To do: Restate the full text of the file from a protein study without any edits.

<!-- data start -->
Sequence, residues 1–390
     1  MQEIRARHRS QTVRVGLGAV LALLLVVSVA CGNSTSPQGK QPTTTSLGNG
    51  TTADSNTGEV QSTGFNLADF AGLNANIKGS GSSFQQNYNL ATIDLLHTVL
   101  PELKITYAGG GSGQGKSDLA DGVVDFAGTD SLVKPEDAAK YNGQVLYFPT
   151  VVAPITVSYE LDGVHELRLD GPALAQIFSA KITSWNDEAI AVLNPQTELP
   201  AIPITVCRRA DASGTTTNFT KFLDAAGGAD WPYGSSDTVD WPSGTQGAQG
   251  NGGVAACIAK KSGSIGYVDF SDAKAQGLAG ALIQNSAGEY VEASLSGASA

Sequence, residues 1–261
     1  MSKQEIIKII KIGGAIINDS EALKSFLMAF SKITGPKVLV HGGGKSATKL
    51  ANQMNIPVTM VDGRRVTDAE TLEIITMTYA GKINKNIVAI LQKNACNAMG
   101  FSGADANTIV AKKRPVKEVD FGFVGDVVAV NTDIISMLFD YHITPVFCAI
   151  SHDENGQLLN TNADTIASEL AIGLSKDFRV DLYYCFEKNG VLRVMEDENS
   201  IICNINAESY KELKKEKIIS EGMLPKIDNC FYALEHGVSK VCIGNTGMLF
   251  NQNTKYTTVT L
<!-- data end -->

Sequence, residues 1–390
     1  MQEIRARHRS QTVRVGLGAV LALLLVVSVA CGNSTSPQGK QPTTTSLGNG
    51  TTADSNTGEV QSTGFNLADF AGLNANIKGS GSSFQQNYNL ATIDLLHTVL
   101  PELKITYAGG GSGQGKSDLA DGVVDFAGTD SLVKPEDAAK YNGQVLYFPT
   151  VVAPITVSYE LDGVHELRLD GPALAQIFSA KITSWNDEAI AVLNPQTELP
   201  AIPITVCRRA DASGTTTNFT KFLDAAGGAD WPYGSSDTVD WPSGTQGAQG
   251  NGGVAACIAK KSGSIGYVDF SDAKAQGLAG ALIQNSAGEY VEASLSGASA

Sequence, residues 1–261
     1  MSKQEIIKII KIGGAIINDS EALKSFLMAF SKITGPKVLV HGGGKSATKL
    51  ANQMNIPVTM VDGRRVTDAE TLEIITMTYA GKINKNIVAI LQKNACNAMG
   101  FSGADANTIV AKKRPVKEVD FGFVGDVVAV NTDIISMLFD YHITPVFCAI
   151  SHDENGQLLN TNADTIASEL AIGLSKDFRV DLYYCFEKNG VLRVMEDENS
   201  IICNINAESY KELKKEKIIS EGMLPKIDNC FYALEHGVSK VCIGNTGMLF
   251  NQNTKYTTVT L